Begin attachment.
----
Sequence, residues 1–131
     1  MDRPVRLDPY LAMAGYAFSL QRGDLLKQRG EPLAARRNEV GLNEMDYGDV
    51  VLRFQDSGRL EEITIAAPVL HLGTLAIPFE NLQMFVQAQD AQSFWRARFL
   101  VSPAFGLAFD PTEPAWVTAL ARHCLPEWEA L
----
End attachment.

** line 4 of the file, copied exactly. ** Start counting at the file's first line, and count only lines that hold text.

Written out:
   101  VSPAFGLAFD PTEPAWVTAL ARHCLPEWEA L